J.C. Penney (NYSE:JCP) confounds me as a business.

On a macro, companywide management level, I love what CEO Marvin Ellison has done. He's making the big moves that position his company for eventual success, and he's shrewdly capitalizing on the slow death of Sears Holdings (NASDAQ:SHLD).

That's not the full story for the brand, though. Management on a companywide level only means so much. On a store-by-store operational basis, my experiences have been largely negative.

It's a sort of duality that leaves me mixed on the chain's prospects. I love the overall plan for the company, but I still dislike shopping in its stores.

A J.C. Penney store

J.C. Penney has a good long-range plan, but poor in-store execution. Image source: J.C. Penney.

Here's what I love

Unlike Sears, which seems to be shedding assets and closing stores with its only real plan being not to run out of money, J.C. Penney has a clear direction. Ellison has focused on giving consumers a reason to visit his stores. That has included adding Sephora shops, improving the chain's in-store salons, and adding appliance sales to more than half its stores.

The retailer also will add toy sections to all its stores and has added home services in some markets. Specifically, J.C. Penney has pursed selling home services in markets where Sears has left.

It's not a quick turnaround strategy and results have been mixed, but it's one that's likely to gain strength as other retailers fail. The only problem I see is that my recent experiences shopping at J.C. Penney have left me less likely to go back.

Here's what I hate

These experiences happened at two different J.C. Penney locations, both in Florida, but each about three hours from the other. In both cases, I intentionally went to the chain hoping to buy something specific. It's also worth noting that two shopping experiences could both be outliers, just bad luck on my part.

In the first situation, I went to a J.C. Penney to buy a black, moisture-wicking polo shirt. In general, I found that while there were a lot of brands to pick from, the overall inventory was poor when it came to sizes. Each brand seemed to have mostly small and medium -- two poor-selling sizes.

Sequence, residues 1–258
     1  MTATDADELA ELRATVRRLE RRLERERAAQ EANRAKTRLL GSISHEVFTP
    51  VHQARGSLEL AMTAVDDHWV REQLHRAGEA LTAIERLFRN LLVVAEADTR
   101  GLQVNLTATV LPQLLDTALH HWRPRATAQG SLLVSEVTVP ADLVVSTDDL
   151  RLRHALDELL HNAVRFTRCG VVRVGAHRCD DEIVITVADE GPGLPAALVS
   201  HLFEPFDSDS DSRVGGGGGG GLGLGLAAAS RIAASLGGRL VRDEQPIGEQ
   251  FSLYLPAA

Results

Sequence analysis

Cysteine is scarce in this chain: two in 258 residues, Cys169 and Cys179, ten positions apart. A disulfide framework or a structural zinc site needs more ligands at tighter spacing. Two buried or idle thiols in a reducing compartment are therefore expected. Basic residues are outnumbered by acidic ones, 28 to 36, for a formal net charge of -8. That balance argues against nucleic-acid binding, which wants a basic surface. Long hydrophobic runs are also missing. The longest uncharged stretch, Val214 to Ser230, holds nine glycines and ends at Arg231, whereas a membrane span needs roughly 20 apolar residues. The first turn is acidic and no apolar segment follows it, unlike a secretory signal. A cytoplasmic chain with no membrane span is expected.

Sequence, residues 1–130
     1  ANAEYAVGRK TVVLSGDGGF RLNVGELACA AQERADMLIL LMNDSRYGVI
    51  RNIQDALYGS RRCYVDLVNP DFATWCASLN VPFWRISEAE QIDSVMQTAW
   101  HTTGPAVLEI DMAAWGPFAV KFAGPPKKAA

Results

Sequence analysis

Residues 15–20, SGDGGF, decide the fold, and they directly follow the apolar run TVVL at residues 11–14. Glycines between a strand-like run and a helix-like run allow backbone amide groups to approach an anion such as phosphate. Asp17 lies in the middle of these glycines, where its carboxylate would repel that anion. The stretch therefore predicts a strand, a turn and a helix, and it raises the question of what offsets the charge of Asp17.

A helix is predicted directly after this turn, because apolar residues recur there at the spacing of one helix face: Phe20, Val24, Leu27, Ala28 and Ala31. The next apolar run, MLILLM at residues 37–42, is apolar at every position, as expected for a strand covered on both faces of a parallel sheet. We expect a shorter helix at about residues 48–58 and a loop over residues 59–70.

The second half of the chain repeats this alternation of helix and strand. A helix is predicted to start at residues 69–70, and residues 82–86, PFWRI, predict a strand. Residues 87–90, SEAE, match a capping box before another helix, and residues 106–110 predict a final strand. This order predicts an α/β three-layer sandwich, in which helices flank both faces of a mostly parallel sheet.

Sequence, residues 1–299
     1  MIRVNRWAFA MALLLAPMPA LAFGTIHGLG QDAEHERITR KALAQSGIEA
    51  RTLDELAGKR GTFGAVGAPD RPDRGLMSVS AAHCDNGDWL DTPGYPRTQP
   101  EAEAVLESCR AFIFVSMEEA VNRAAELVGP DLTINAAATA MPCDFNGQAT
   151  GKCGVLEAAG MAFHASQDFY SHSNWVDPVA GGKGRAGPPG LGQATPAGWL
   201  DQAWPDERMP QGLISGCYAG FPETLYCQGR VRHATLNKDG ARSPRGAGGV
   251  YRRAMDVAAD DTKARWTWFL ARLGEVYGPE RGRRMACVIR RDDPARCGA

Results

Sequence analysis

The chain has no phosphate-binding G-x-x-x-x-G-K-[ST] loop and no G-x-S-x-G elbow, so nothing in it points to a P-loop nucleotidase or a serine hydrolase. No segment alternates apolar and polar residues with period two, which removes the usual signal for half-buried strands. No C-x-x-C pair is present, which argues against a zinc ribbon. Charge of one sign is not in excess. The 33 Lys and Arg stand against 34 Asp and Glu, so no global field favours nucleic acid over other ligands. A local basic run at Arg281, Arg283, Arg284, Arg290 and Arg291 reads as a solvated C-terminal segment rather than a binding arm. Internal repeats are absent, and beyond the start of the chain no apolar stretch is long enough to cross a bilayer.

I was looking for extra-large and wanted two of the same shirt. When I finally found one I liked, I grabbed two on hangers marked extra large and was pleased that they were on sale at a very good price. When I got home, I learned that I should have looked closer, as I had actually purchased an extra large and one large on a hanger marked "extra large."

My second experience centered on buying a pair of size 11 slides. I had no particular brand in mind but wanted to spend less than $30 to acquire a pair that didn't have an adjustable band.

Again the selection in the shoe department was poor. They had a few brands, but none in the right size. Eventually -- while looking for a salesperson -- I stumbled upon a second, well-picked-over display of slides in the athletic department, not all that near the sneakers. Again, the sizes were mostly very small or very big, but I was able to grab the one pair in the size I wanted.

That wasn't the end of the poor experience. As I was checking out -- about half an hour before the store closed on a Sunday -- there was a long line. That didn't stop the manager from working on closing down registers, while the store was being shut down around those still shopping.

What does this mean?

Ellison needs to extend his attention to store-level operations. Inventory management conserves cash, but there's a fine line between being careful and losing sales because you don't have what people need.

And while I'm pickier than most because I spent multiple years running a retail store, customers shouldn't see closing activities while they shop -- especially if the actions cause people to have to wait longer to check out. It may save a few bucks to get stuff out faster, but a store that's being closed around you is not an inviting place to shop.

These are relatively easy fixes, but they need to be fixed for J.C. Penney to thrive and not merely survive. Stores need inventory, and store managers need to know that either shaving some payroll hours, or just wanting to go home, doesn't justify creating a poor customer experience.

Daniel B. Kline has no position in any of the stocks mentioned. The Motley Fool has no position in any of the stocks mentioned. The Motley Fool has a disclosure policy.